Medicolegal Issues

Informed consent: The more you know, the more you and your patient are protected

A dubious case of informed consent illustrates the essentials of an ever-changing process

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CASE: Surgeon accused of performing tubal ligation without consent

A patient was scheduled for an elective cesarean delivery to be performed by her ObGyn (Dr. Surgeon) at the nearby medical center. The patient was asked to sign an electronic signature pad in her ObGyn’s office, which transposed her signature onto an electronic form that she could not see at the time. She signed it. The consent was not printed out in the office but was added to her electronic medical record, and a copy was sent to her via email. Among other things, the consent included, “[Name] hereby agrees that all appropriate medical and surgical procedures as determined by the physicians and others in this hospital are in my best interest. No further consent is required to any of the treatment in this hospital.”

In the hospital, Dr. Surgeon spoke preoper- atively with the patient about cesarean delivery, the various risks and benefits, and the possibility and risks of an alternative trial of labor. Dr. Surgeon noted the conversation in the patient’s chart.

A nurse brought a standard hard copy “Zee Hospital Surgical Consent Form” to the patient. In a relevant part it provided, “I hereby consent to the surgical procedure Dr. Surgeon has discussed with me: _______” (the blank was filled in with “cesarean delivery”). The form continued: “He/She has explained the risks and benefits. I also authorize Dr. Surgeon, and such assistants as he/she may select, to perform this procedure. In his/her medical judgment, if additional procedures are appropriate, I hereby consent to their performance, in addition to the procedures listed in this form.” The patient signed the form.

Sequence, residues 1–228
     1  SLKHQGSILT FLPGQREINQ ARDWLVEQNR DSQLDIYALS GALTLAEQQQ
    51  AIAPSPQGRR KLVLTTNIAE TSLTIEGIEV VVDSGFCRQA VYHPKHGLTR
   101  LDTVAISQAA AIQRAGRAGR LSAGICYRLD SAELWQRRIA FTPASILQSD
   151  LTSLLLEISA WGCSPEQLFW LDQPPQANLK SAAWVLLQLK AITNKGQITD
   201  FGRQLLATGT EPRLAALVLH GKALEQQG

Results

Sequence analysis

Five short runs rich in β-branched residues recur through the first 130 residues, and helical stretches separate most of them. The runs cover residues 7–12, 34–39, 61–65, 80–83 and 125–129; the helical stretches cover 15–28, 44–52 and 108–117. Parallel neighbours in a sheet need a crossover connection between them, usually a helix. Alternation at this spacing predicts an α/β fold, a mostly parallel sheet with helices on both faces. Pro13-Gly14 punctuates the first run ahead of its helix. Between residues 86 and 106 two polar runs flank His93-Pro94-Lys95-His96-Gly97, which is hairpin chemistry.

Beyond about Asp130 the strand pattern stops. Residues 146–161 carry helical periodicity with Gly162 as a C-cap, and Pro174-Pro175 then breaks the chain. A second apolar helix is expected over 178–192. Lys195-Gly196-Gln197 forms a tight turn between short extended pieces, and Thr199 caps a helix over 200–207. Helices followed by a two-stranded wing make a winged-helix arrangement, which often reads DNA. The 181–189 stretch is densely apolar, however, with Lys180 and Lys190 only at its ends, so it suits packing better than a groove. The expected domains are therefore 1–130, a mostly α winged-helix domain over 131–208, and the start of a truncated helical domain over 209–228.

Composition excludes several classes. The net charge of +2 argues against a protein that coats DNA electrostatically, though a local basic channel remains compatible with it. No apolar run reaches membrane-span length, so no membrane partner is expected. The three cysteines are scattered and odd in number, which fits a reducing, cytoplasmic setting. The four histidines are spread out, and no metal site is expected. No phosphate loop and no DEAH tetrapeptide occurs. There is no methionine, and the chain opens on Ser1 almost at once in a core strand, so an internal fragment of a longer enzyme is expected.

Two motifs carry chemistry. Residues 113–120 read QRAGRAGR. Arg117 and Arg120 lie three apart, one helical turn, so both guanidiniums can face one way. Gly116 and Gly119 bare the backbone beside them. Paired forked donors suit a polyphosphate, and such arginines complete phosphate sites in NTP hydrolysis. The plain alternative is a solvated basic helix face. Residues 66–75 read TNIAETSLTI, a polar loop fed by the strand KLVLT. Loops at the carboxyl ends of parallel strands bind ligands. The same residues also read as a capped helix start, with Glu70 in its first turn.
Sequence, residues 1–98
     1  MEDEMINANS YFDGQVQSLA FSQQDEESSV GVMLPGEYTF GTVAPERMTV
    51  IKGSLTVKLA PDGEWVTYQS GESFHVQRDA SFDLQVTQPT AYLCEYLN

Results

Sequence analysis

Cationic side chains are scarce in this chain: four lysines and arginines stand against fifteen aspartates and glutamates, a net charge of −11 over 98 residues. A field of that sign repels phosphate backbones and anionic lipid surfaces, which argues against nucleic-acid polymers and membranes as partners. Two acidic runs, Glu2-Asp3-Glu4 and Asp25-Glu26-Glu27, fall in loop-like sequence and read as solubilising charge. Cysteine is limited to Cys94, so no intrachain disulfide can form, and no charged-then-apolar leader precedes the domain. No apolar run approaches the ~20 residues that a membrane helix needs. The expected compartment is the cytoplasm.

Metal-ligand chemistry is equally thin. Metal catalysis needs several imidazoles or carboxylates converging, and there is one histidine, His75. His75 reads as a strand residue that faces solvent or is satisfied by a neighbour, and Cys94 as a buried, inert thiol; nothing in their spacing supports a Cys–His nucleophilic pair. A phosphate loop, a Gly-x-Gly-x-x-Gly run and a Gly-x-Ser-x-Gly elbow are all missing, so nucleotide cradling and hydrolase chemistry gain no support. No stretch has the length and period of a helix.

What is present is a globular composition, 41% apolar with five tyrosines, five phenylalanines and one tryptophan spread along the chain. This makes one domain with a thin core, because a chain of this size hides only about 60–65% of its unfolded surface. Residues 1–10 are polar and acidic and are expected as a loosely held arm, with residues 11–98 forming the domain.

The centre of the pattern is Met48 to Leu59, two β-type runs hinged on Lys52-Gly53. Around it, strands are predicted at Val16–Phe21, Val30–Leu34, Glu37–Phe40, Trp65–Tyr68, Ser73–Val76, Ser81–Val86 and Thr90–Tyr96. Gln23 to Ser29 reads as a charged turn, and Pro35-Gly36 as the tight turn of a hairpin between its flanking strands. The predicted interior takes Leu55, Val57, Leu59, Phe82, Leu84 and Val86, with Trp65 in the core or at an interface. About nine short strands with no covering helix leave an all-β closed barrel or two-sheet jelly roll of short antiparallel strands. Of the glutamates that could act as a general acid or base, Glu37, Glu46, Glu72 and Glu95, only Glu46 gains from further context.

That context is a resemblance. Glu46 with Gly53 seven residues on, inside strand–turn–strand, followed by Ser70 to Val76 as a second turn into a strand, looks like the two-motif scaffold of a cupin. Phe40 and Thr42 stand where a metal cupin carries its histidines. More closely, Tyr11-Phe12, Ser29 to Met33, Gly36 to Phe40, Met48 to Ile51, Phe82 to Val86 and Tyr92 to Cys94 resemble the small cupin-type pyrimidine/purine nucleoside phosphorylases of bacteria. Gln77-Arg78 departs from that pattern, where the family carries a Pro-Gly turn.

While Dr. Surgeon was scrubbing for the delivery, the patient’s husband (also a surgeon at the hospital; Dr. Husband), stopped by, thanked Dr. Surgeon, and said, “Oh, by the way, my wife would like you to do a tubal ligation as well—she really wants it for health reasons. Her chronic hypertension skyrocketed during this pregnancy, and we don’t want any more children.”

“She didn’t mention that a little earlier while I was talking with her,” replied Dr. Surgeon, “but I can see how it would have slipped her mind.”

Dr. Surgeon performed the cesarean delivery and tubal ligation. All went well, with a healthy baby and mother. Several months later, the patient and Dr. Husband separated and sought divorce.

The patient, surprised by the cost of the hospital bill (Dr. Surgeon did not bill for his surgical services as a professional courtesy), was astonished to see a charge related to tubal ligation. Knowing how common billing mistakes were at Zee Hospital, she called to have the bill corrected. The clerk informed her that her medical record showed that a tubal ligation had been performed and that the bill was correct.

The patient sued Dr. Surgeon, Zee Hospital, and her (now former) husband, Dr. Husband, both for the cesarean delivery and the tubal ligation. Her claims are primarily based on the lack of informed consent.

What’s the verdict?

The patient likely has a strong case regarding the tubal ligation claim, but a weak case related to the cesarean delivery claim.

Read the ethical, medical, and legal implications of this case


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